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Mailbag

PUBLISHED : Saturday, 09 April, 2005, 12:00am
UPDATED : Saturday, 09 April, 2005, 12:00am
 

Myopic penny pinching jeopardises vital language service


John Murnane's Education Forum article (Education Post, 2 April) hit the proverbial 'nail on the head'. There is a very real danger that the mismanagement of the Native English-speaking Teachers' (NET) scheme will drive its hardworking and sorely-needed NETs away.


The short-sighted reduction of the monthly special allowance from $13,000 to $10,500 in September 2004 has made it very difficult for many NETs to meet either rental accommodation costs and/or their children's school fees. Rents are rising steadily and I know of many cases where NETs have to leave their flats due to steep increases.


The restoration of the special allowance would be a minimal first step the Education and Manpower Bureau could take to show NETs it understands their current crisis.


The NET scheme has hitherto attracted top English specialist teachers with the promise of good living and working conditions, and the appropriate support to enable them to make their special contribution to Hong Kong's schools. Sadly, these living and working conditions, plus the necessary back-up, have been eroded. In addition to the slashing of the special allowance, NETs have endured three pay cuts and instances of 'isolation, mistreatment' and 'principals who are a law unto themselves'.


Although currency exchange rates lie outside the purview of the EMB, the special allowance and general conditions of employment are within its jurisdiction. The EMB needs to give its NET scheme a metaphorical 'shot in the arm'.


Recent figures show that nigh on 50 per cent of current NETs are choosing not to renew their contracts. It would be a great pity if Hong Kong were to lose its experienced NETs after seven years of progress and tangible achievement.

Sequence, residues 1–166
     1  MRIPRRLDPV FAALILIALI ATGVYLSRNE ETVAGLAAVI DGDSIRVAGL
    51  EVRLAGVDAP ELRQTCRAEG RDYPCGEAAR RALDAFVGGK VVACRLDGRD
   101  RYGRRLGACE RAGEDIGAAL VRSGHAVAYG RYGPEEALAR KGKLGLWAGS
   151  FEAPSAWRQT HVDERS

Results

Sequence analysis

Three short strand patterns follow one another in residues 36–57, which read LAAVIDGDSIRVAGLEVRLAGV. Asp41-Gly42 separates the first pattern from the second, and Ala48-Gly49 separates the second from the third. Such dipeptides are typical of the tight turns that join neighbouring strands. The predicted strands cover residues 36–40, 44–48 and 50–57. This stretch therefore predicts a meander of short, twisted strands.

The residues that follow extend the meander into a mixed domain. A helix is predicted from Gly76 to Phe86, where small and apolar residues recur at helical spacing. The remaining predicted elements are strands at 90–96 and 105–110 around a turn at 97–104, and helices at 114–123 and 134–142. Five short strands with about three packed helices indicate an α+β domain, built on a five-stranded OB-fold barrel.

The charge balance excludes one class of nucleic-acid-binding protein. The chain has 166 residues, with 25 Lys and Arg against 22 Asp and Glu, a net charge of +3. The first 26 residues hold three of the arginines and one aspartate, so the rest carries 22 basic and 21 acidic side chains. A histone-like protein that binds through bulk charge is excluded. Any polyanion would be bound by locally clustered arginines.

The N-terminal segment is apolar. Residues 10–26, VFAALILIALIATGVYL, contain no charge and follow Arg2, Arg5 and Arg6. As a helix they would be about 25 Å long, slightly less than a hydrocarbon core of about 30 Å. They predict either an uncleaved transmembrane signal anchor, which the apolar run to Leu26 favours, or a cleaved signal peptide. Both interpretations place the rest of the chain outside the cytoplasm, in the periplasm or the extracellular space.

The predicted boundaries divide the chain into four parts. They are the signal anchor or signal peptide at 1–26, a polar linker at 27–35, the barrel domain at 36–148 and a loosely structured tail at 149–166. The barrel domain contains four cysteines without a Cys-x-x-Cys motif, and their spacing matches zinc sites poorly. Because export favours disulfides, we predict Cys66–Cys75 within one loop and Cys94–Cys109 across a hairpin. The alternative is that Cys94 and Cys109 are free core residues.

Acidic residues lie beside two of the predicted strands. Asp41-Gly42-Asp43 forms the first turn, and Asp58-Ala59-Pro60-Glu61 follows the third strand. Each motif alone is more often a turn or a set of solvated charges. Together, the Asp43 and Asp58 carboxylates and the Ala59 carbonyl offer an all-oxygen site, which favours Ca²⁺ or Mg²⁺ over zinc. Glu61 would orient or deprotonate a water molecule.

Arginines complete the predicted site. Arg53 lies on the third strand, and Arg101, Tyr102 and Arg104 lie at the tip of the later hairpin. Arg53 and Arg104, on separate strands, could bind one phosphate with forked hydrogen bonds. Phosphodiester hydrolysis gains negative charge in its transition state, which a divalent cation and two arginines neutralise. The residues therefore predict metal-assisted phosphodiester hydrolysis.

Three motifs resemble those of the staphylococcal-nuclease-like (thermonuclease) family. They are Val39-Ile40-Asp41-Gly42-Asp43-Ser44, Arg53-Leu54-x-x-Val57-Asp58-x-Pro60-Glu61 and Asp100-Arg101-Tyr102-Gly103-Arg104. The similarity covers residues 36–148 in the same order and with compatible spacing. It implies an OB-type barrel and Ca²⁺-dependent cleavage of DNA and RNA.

PERRY BAYER


South Horizons


Even NETs must share burden


I am writing to express my opinion about the Native English Speaking Teachers' (NETs) housing allowance. In last week's Education Post it was mentioned that some NETs were threatening to leave because their housing allowances were cut from $13,000 to $10,000 per month.


Why shouldn't the government adjust the amount it pays when housing costs have fallen?


In my opinion it should. The government is still in the red after all. Stop being so greedy.


I think the government needs to rethink the NET scheme, especially the primary NET scheme in light of continued increases in the amount spent on education by government. At the primary level, perhaps we don't need expensive teachers from other countries.


Instead, teacher assistants that help in English classes that have undergone some sort of basic training should be enough to introduce primary aged children to English culture. I refer to the JET (Japan English Teaching) scheme as an example.


This scheme hires university graduates with basic teaching skills to assist local teachers. It seems to work well in Japan. Maybe that system would work better here and the government would save money.


NAME AND ADDRESS SUPPLIED


What about a word of thanks


I couldn't help noticing articles where, once again, a group of teachers, specifically NET teachers, are being forced to take a pay cut.


Please, is it possible to say thank you to the teachers of all schools, who despite pay cuts, have continued to go beyond their contractual obligations and give so much of themselves to our children.


FIONA LEIFER


Tai Tam


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